There is much discussion over whether it was Greek unity that caused the victory against the Persians in the years 490BC-479BC. The three main points of view on the matter is that they were not united at all, which can be seen from the accounts of Herodotus, that they were united, which can be seen in the Themistocles Decree and that it was Themistocles himself that made them unified.
It is on the research of Herodotus that we rely most heavily on for our information of the Persian War period. He is often criticised for his inaccuracy, bias and failure to evaluate events properly. Unfortunately there is no other major ancient source against which scholars can check his facts. Plutarch writes about him with “blasphemy and slander lie beneath his smooth, delicate surface and we must beware of unconsciously accepting his false and absurd ideas about the greats noblest cities and men of Greece.”
He is generally reliable when it comes to the principal events, even though he is prone to exaggerate the size of the Persian armies brought against Greece. He is not, however, as useful when it comes to analysis, particularly his judgements about causes for events or tactics in battles. He openly declares his admiration for Athens and his accounts are largely written from the Athenian point of view. However, it must be remembered that he received his information at a time when Athens and Sparta were hostile to one another, after 464. This could be a contributing factor as to why he writes as if there wasn’t unity between the Greeks.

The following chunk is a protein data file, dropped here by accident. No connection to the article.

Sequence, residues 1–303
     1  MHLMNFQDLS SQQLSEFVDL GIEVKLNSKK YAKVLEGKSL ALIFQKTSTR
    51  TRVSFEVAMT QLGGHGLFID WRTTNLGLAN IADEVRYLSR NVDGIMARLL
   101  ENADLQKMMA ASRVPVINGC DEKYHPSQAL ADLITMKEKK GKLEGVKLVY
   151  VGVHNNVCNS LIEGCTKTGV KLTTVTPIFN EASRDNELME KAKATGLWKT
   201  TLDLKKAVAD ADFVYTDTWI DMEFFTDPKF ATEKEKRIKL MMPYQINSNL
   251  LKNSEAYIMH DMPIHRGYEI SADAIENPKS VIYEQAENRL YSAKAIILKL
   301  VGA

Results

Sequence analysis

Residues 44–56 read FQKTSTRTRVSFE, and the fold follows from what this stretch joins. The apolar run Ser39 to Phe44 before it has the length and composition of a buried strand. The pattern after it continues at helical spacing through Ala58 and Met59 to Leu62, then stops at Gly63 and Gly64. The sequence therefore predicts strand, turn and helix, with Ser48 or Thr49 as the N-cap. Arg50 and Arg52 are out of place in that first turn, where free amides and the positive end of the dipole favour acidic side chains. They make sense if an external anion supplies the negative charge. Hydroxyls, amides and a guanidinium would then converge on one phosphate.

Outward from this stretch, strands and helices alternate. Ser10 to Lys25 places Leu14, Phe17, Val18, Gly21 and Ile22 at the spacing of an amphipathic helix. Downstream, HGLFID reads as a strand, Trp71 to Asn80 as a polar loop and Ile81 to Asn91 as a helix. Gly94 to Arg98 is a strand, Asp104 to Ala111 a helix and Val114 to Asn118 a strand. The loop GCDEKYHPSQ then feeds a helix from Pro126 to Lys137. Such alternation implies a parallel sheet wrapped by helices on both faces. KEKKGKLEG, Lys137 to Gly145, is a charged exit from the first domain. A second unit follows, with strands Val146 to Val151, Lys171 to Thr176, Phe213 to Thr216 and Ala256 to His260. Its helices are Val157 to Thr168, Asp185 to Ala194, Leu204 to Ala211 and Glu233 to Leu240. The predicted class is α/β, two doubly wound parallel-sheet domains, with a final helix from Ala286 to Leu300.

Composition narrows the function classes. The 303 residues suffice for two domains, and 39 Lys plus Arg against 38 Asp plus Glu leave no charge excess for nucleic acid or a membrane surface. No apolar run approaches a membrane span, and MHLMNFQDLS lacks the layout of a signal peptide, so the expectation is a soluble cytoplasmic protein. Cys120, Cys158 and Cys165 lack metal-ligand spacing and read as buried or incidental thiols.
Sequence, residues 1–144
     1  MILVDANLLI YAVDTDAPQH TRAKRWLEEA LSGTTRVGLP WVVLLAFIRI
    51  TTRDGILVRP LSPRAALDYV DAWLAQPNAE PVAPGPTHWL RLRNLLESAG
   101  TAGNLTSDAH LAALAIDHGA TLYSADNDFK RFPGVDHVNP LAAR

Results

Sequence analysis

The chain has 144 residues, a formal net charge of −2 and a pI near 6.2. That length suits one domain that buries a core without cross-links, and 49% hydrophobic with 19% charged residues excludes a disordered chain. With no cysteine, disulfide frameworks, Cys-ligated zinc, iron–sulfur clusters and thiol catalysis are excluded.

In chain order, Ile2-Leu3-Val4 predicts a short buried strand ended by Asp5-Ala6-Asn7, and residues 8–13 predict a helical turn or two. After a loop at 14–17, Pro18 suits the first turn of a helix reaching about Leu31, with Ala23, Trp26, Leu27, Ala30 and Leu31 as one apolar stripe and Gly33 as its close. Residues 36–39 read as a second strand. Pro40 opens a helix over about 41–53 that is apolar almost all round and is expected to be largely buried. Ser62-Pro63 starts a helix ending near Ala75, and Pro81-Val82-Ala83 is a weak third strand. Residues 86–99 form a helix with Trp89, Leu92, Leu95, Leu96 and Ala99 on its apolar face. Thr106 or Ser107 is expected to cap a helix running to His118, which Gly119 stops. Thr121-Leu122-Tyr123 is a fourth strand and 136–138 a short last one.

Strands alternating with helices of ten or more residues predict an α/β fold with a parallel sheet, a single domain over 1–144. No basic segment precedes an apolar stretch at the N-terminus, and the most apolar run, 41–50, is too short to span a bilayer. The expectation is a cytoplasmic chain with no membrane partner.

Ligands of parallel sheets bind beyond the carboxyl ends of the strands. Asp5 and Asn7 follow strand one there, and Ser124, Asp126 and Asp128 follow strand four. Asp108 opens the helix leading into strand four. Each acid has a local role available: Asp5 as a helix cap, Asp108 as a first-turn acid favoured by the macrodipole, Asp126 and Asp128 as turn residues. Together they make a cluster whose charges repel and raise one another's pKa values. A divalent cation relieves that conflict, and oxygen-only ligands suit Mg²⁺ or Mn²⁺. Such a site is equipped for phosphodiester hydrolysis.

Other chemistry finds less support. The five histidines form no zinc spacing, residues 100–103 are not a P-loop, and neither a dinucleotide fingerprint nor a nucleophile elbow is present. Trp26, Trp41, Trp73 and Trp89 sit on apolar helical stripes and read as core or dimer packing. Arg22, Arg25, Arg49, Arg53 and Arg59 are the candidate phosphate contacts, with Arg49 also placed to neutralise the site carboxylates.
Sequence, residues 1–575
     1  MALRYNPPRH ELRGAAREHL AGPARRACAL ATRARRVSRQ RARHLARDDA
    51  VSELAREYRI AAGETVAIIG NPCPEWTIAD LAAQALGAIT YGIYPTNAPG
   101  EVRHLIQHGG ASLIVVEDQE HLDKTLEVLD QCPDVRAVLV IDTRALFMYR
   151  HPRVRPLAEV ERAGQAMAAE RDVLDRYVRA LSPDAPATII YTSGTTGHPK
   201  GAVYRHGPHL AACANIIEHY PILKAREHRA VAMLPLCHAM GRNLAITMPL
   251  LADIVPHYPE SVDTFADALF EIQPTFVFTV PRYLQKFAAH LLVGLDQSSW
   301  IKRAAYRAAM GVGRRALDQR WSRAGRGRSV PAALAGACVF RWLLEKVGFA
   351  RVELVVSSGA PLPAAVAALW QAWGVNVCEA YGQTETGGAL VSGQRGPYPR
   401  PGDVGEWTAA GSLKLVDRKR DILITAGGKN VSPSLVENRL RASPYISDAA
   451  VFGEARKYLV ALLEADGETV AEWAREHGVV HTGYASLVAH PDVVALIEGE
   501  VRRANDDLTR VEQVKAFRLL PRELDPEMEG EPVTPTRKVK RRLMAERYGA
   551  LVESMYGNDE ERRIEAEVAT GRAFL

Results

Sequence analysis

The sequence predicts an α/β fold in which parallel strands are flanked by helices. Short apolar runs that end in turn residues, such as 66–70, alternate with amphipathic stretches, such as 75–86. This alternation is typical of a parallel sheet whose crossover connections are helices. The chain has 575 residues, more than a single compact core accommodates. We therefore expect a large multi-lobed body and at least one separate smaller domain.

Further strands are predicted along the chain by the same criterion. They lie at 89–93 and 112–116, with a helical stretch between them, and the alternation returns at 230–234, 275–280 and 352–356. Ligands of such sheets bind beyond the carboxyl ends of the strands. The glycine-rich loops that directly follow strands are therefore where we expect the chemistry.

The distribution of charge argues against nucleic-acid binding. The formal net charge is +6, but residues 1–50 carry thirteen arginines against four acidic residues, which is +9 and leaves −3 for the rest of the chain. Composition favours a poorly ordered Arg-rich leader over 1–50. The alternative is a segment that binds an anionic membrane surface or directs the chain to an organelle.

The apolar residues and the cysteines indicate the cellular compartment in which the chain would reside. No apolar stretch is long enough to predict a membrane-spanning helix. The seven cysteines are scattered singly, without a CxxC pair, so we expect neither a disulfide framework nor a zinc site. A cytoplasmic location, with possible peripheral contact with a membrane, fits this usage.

Herodotus dismisses the idea that the Greeks were ever unified. In his writings he gives endless examples of how the Greeks fought with each other constantly. He describes bribery, treachery and blackmail amongst the Greek camps. One of these descriptions is that of Ephilates who showed the Persians the secret pass to the Spartans in the battle of Thermopylae. He believed that if the Greeks were actually unified, it was accidental and never planned. Some modern historians tend to agree with this opinion.
In the battle of Marathon, a Persian armada of 600 ships embarked on an invasion force of approximately 20, 000 infantry and cavalry on Greek soil just north of Athens. Their mission was to crush the Greek states in retaliation for their support of their Ionian cousins who had revolted against Persian rule. Athens mobilized 10, 000 hoplite warriors to defend their territories. The two armies met on the Plain of Marathon which was ideal for Persian cavalry.
The Athenians asked the Spartans for aid in the battle but according to Herodotus, the Spartans were unable to come straight away as they had their religious festival on at the time; “And the Spartans wished to help the Athenians, but were unable to give them any present succour, as they did not like to break their established law.” They did say that they would come as soon as it was over as quickly as they could which shows the unity at the time between Athens and Sparta, the two main forces at the time. When Athens was in need, Sparta would come to help. Herodotus states “After the full of the moon, two thousand Lacedaemonians came to Athens. So eager had they been to arrive in time that they took but three days to reach Attica from Sparta.”
But it wasn’t unity that helped the Greeks win this battle, they were at a slight advantage as they had knowledge of their land unlike the Persians who had no understanding of the Greek geography as it was very different to their own. The greeks knew the Plain of Marathon well and could use the rugged land and the mountains surrounding the plain to their advantage. The Athenians kept in the high land whereas the Persians stationed themselves on the plain.
Another thing that helped the Greeks win was the absence of the Persian cavalry when the Athenians decided to attack. The cavalry was one of...